24 Books You Must Read in 2024: Top CEOs, Entrepreneurs, Actors And Authors Tell Us Why – Entrepreneur

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By Kabir Singh Bhandari
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Mythology. Finance. Entrepreneurship. Business. Life. Loss. Health. The various categories of books that are out there for us to read can fill up entire rooms. The million dollar question which arises is that which ones should you read? Over the last year, we spoke to CEOs, founders, actors, authirs, businessmen and more who told us the books which they loved the most, which affected the way they thought and shaped their life.
Here are 24 of those books, and why you should read them, in the voice of those we spoke to. How many of these books have you read? Did you like them? And which books would you want to recommend for reading? Tell us in the
Rajesh Jain, Founder, Netcore Cloud and author of ‘Startup to Proficorn’:
1. Jim Collins: Beyond Entrepreneurship 2.0
While Jim Collins has written a number of books, this one is my favourite because it essentially brings out all the best ideas from his previous books. In the book there is also a map, what he calls ‘The Map’, and that encapsulates the ideas from the previous books. The book contains enduring principles which help one think big about how you want to build a company and how to ensure that it becomes a great company and one that is built to last.
2. Uri Levine: Fall in Love with the Problem, not the Solution
The title of the book actually tells the story. I think this is a great teaching for an entrepreneur that many times what entrepreneurs do is create a solution and then they are go out in search of the problem That is not the right way to build a business. When I have tried that several times in my life, I have actually failed. So the correct way is to figure out the problem, fall in love with the problem. The book talks about what is it that one is going to solve for the target segment that you have and then how can you test the thesis inexpensively and quickly. It makes you ask essential questions such as are there enough people with the same problem to create a profitable business overtime?
3. Richard Rumelt: The Crux
The third book that I would like to recommend is Richard Rummel’s book called The Crux. The core idea is around strategy, that when you are looking to solve problems, figure out those problems or that that one particular problem which is the most important and most solvable.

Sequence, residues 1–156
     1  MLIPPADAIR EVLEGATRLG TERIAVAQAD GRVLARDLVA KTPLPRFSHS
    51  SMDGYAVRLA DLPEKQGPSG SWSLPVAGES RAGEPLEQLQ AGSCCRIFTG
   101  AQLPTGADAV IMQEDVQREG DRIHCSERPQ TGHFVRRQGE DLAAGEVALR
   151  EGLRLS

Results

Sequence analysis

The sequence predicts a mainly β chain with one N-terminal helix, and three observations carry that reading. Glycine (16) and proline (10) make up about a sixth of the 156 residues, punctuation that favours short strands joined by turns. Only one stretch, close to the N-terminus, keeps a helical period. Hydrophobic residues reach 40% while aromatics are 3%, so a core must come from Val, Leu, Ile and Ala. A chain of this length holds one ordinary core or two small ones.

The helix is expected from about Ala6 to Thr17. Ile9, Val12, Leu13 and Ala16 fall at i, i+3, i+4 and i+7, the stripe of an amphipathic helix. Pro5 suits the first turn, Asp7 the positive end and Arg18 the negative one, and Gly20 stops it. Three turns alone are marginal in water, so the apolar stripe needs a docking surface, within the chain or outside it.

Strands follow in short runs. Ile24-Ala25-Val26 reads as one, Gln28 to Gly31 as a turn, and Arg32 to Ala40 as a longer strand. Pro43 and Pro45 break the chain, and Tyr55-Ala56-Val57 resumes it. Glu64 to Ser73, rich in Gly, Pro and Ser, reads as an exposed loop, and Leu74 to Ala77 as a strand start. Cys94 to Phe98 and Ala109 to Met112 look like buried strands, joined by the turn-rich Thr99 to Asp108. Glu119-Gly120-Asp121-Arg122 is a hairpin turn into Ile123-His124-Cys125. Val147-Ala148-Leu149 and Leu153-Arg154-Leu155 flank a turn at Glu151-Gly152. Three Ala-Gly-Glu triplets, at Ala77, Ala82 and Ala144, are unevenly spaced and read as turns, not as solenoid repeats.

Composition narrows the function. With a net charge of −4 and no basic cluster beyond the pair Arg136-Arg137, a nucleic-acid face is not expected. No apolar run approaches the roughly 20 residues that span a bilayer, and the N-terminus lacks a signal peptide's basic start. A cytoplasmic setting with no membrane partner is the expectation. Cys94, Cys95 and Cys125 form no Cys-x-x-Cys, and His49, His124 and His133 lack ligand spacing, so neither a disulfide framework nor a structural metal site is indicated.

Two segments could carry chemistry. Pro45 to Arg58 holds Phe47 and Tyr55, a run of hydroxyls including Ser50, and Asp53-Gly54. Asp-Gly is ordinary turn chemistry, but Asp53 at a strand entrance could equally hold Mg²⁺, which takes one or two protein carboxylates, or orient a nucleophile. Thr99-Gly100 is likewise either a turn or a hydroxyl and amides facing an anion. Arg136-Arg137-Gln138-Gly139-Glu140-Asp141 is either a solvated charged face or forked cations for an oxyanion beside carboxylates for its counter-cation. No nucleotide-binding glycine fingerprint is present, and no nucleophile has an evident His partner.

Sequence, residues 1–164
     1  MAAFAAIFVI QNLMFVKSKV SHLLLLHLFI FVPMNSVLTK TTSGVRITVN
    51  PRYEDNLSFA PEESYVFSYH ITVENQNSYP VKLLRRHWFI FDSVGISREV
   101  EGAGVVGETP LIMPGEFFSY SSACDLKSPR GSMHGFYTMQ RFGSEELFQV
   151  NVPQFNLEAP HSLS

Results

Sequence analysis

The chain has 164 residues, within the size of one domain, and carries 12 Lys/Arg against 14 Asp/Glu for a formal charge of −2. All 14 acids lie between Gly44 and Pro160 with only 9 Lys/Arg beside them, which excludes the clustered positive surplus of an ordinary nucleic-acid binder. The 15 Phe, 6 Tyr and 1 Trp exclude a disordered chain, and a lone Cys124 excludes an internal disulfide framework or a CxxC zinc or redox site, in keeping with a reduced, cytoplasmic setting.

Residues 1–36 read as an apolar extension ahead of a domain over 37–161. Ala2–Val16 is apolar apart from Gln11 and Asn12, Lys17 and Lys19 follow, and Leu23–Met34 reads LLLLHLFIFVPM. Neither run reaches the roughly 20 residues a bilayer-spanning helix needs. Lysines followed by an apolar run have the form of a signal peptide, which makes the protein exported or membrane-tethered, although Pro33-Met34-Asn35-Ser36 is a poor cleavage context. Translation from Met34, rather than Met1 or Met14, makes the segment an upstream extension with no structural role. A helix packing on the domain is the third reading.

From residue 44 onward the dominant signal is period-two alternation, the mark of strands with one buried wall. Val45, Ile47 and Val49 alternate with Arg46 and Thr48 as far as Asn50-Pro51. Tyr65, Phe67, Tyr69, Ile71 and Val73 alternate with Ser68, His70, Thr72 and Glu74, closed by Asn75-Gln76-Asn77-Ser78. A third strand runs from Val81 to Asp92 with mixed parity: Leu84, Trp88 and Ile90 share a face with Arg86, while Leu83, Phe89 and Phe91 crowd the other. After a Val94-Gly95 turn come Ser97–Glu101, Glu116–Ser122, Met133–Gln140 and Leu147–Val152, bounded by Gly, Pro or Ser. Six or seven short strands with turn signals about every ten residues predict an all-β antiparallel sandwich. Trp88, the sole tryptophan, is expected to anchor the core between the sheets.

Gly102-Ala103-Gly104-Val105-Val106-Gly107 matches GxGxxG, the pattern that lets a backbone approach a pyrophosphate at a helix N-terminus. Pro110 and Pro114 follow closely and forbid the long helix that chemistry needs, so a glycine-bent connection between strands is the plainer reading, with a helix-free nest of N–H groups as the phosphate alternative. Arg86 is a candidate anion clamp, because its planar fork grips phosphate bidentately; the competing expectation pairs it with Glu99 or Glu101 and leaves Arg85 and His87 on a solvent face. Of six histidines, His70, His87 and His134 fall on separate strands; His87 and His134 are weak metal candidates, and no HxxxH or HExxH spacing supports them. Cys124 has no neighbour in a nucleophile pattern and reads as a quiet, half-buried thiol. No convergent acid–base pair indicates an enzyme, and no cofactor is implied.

Many times we look at the important problems but do not look at look at solvability. Strategy at the end of the day really is about choices and what Rumelt distils down even further in the book is that at every pivotal time moment in your company, identify the most important and most solvable problem.
Nirvaan Birla, Founder and Managing Director, Birla Open Minds Education and Birla Brainiacs
4. Indias Greatest CEOs by Suhel Seth
A very inspirational and motivating book which helped me at the start of my professional career. It gave a deep insight into how the Indian industries and markets are won over and how the best in India have done it using different strategies.
5. Good To Great by Jim Collins
A very insightful and knowledgeable book for me on how some companies went on to create history while others could not make that jump and fell short. It gives a lot of examples with stock and P&L balance sheet analysis on the mistakes companies made and the practices followed by those who went all the way.
6. Vikramaditya Veergatha by Shatrujeet Nath
It’s a series of books on King Vikramaditya and his band of courtiers and councilmen, about how they have to fight off the Devas and the Asuras who both try to invade the kings army and take over the kingdom and possess a very powerful artefact held by Vikramaditya. It was a very fascinating, thrilling read for me because I’ve always been a fan of Indian mythology and Indian scriptures. The series creates a fascinating and captivating universe with different characters from our past and scriptures and puts them together in a fictional world so well.
Actor Vivaan Shah, author of ‘Living Hell’ and ‘The Forsaken Wilderness’
7. My favourite book of all time is Moby Dick by Herman Melville, as it is a book which is essentially, in John Huston’s words, ‘a blasphemy!’. In his interpretation, which has subsequently become mine as well, it is a book about what happens when a single individual decides to shake his fist at the almighty, and challenge the very powers of wind and earth, and also the divine force whose laws govern reality. He is challenging God to vanquish him and defeat his purpose. It is about what happens when a deranged Captain/leader decides to lug along a boatload of blue-collar workers in pursuit of his goal, and not theirs, or even a collective one. As Huston said, the purpose of a whaling voyage is to furnish the oil lamps of the world, and hence to serve a practical and beneficial function to society. But Captain Ahab, disregarding his duty towards society, decides to chase his duty towards his own madness. It is about the quintessential descent into madness!
8. My second favourite book is Joseph Conrad’s Outcast of the Islands, and also Conrad’s Nostromo. Outcast of the Islands is one of the most uncompromising portraits of a thoroughly unscrupulous protagonist. It is about a dishonest man, and his falling to pieces. There are moments of poetry, and tranquility in Conrad’s prose that are quite unparalleled. It is also one of the earliest critiques of imperialism, and the business interests of colonialism. And is a very mature and profound study of the relationship between the white man and the indigenous people his country has colonized. Nostromo on the other hand is a rousing story of adventure, governance, armed conflict, martial ways, treasure-hunting, and above all courage and character. It is a densely textured book, and is not an easy read but an ultimately rewarding one. It is a vivid work of the imagination with a firm grounding in real world events and politics. In it, Conrad creates his own Republic, Costaguana, and the architecture of his book is almost like a work of town-planning.